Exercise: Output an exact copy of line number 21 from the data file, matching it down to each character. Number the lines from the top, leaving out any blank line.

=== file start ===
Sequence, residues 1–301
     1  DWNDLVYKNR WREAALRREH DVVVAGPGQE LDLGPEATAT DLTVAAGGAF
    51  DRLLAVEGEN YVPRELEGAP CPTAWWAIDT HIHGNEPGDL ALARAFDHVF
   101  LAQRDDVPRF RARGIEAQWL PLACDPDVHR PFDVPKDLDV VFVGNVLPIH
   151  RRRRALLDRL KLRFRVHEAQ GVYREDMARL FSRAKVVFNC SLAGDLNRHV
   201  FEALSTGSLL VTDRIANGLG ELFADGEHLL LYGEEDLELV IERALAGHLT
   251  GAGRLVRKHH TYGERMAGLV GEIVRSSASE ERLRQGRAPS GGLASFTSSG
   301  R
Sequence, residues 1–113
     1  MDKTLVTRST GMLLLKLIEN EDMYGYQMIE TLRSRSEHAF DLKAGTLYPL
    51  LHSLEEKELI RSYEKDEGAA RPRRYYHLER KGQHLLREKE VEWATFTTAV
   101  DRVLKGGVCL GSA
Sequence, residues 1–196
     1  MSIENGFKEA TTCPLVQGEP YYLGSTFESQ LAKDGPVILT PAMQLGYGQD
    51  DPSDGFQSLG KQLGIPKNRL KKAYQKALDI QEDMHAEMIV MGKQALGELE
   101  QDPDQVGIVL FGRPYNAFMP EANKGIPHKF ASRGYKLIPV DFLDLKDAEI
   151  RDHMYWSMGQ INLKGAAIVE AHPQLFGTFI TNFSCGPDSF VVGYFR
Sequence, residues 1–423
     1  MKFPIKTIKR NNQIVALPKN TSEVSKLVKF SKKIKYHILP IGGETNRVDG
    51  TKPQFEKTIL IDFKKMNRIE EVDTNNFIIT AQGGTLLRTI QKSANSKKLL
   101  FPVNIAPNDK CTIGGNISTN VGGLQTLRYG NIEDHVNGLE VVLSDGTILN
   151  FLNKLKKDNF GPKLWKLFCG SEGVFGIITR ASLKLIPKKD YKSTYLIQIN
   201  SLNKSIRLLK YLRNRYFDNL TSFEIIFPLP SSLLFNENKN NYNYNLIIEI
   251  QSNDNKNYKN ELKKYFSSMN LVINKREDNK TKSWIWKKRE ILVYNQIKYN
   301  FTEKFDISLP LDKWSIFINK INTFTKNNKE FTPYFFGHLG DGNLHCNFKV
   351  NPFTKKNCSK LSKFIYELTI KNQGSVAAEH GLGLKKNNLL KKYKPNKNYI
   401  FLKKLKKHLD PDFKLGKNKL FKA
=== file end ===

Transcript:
   101  FPVNIAPNDK CTIGGNISTN VGGLQTLRYG NIEDHVNGLE VVLSDGTILN